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Determinants of infant and child mortality in Kenya: an analysis controlling for frailty effects

  • D. Omariba

    ()

  • Roderic Beaujot
  • Fernando Rajulton
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    In this paper, Weibull unobserved heterogeneity (frailty) survival models are utilized to analyze the determinants of infant and child mortality in Kenya. The results of these models are compared to those of standard Weibull survival models. The study particularly examines the extent to which child survival risks continue to vary net of observed factors and the extent to which nonfrailty models are biased due to the violation of the statistical assumption of independence. The data came from the 1998 Kenya Demographic and Health Survey. The results of the standard Weibull survival models clearly show that biodemographic factors are more important in explaining infant mortality, while socioeconomic, sociocultural and hygienic factors are more important in explaining child mortality. Frailty effects are substantial and highly significant both in infancy and in childhood, but the conclusions remain the same as in the nonfrailty models. Copyright Springer Science+Business Media B.V. 2007

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    File URL: http://hdl.handle.net/10.1007/s11113-007-9031-z
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    Article provided by Springer in its journal Population Research and Policy Review.

    Volume (Year): 26 (2007)
    Issue (Month): 3 (June)
    Pages: 299-321

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    Handle: RePEc:kap:poprpr:v:26:y:2007:i:3:p:299-321
    Contact details of provider: Web page: http://www.springerlink.com/link.asp?id=102983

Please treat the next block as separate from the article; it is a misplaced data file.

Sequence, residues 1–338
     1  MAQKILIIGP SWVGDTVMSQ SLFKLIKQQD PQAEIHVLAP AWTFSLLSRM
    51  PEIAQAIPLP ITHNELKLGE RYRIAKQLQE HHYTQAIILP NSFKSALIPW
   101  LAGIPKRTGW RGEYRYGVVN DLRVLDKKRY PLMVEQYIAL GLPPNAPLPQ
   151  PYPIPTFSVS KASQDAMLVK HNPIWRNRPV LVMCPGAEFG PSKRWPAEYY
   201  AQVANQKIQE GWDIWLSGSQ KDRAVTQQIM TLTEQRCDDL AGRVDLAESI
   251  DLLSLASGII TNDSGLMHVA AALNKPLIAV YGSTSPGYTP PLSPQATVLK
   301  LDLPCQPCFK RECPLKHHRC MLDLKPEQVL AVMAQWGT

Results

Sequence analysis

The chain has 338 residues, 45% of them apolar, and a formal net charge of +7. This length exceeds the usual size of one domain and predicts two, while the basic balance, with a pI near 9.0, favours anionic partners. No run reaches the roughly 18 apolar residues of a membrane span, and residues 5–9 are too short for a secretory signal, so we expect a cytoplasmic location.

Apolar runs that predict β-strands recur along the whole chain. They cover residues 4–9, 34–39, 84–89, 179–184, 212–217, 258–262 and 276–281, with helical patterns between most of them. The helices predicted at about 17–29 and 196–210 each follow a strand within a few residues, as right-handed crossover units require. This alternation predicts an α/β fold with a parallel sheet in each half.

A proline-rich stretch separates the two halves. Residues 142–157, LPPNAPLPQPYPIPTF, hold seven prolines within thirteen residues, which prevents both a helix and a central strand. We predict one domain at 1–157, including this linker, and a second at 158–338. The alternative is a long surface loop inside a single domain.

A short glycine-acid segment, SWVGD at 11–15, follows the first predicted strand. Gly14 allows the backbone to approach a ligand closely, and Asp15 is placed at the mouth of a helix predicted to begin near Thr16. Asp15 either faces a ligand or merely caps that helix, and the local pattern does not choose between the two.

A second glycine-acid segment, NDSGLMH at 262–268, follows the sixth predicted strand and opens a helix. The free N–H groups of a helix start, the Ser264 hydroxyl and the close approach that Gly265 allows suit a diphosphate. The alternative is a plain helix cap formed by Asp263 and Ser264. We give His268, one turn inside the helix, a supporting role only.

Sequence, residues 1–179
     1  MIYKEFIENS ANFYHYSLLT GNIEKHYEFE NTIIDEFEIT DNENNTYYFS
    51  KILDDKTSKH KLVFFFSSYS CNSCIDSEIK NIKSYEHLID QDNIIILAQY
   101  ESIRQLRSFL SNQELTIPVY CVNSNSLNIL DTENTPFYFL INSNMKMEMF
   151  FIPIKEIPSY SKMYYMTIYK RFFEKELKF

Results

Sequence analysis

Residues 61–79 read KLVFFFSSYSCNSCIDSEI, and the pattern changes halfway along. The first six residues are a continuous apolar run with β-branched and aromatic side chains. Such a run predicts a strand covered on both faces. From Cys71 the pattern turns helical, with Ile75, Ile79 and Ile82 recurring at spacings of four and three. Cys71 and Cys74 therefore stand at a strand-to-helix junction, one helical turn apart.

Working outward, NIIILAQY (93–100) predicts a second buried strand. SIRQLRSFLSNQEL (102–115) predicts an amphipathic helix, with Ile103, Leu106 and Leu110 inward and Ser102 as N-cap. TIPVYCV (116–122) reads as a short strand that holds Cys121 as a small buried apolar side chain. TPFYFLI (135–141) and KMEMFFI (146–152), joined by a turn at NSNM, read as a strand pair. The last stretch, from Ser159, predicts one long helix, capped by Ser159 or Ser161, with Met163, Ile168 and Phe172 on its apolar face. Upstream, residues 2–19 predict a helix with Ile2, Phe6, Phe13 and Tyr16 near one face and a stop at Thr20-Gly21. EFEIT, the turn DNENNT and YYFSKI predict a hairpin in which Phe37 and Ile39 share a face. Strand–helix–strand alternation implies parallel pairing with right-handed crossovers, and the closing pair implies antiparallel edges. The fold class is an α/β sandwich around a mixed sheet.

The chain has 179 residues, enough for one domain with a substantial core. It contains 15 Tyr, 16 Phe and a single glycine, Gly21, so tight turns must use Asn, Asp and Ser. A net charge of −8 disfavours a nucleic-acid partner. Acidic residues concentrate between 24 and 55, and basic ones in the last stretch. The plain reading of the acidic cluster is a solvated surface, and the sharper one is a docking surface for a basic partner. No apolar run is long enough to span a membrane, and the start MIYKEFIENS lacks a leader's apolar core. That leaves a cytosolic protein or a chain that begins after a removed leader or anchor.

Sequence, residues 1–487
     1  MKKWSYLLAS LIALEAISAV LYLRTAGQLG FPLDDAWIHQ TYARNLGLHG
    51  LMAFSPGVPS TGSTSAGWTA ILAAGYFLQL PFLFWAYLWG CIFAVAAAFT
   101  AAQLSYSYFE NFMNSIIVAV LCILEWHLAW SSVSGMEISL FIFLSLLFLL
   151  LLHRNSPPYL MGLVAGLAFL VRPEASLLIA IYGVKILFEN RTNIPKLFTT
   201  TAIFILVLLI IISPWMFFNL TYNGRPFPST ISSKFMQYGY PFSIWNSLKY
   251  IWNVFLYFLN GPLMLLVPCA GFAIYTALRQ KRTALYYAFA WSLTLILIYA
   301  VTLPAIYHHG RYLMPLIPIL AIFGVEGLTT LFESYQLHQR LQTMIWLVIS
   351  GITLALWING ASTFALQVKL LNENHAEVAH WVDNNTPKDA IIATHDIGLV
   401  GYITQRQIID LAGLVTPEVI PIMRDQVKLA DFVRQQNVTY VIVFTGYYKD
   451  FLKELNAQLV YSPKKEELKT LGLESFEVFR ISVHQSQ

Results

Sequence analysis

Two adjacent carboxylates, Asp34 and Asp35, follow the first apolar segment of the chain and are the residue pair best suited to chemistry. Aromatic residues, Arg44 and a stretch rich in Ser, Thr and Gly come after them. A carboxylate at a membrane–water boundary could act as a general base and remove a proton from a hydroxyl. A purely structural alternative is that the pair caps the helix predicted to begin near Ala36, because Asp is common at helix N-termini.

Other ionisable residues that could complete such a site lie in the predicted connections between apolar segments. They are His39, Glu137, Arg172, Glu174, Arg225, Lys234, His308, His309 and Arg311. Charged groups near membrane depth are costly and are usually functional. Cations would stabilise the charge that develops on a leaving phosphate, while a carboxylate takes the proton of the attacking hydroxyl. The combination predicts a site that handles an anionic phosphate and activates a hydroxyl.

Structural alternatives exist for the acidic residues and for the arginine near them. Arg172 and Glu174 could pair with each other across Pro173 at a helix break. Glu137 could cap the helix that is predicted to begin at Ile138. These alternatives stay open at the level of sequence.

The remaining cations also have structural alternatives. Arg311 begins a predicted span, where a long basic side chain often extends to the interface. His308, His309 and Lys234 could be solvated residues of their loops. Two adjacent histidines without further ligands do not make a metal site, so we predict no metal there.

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    1. Yamano, Takashi & Jayne, T. S., 2004. "Measuring the Impacts of Working-Age Adult Mortality on Small-Scale Farm Households in Kenya," World Development, Elsevier, vol. 32(1), pages 91-119, January.
    2. Mario Cleves & William W. Gould & Roberto G. Gutierrez & Yulia Marchenko, 2010. "An Introduction to Survival Analysis Using Stata," Stata Press books, StataCorp LP, edition 3, number saus3, November.
    3. Defo, B.A., 1996. "Areal and Socioeconomic Differentials in Infant and Child Mortality in Cameroon," Papers 96-05, RAND - Reprint Series.
    4. Sonalde Desai & Soumya Alva, 1998. "Maternal education and child health: Is there a strong causal relationship?," Demography, Springer, vol. 35(1), pages 71-81, February.
    5. Nyambedha, Erick Otieno & Wandibba, Simiyu & Aagaard-Hansen, Jens, 2001. "Policy implications of the inadequate support systems for orphans in Western Kenya," Health Policy, Elsevier, vol. 58(1), pages 83-96, October.
    6. Nyambedha, Erick Otieno & Wandibba, Simiyu & Aagaard-Hansen, Jens, 2003. "Changing patterns of orphan care due to the HIV epidemic in western Kenya," Social Science & Medicine, Elsevier, vol. 57(2), pages 301-311, July.
    7. Defo, Barthélémy Kuate, 1996. "Areal and socioeconomic differentials in infant and child mortality in Cameroon," Social Science & Medicine, Elsevier, vol. 42(3), pages 399-420, February.
    8. L. Randall Wray & Stephanie Bell, 2004. "Introduction," Chapters, in: Credit and State Theories of Money, chapter 1 Edward Elgar.
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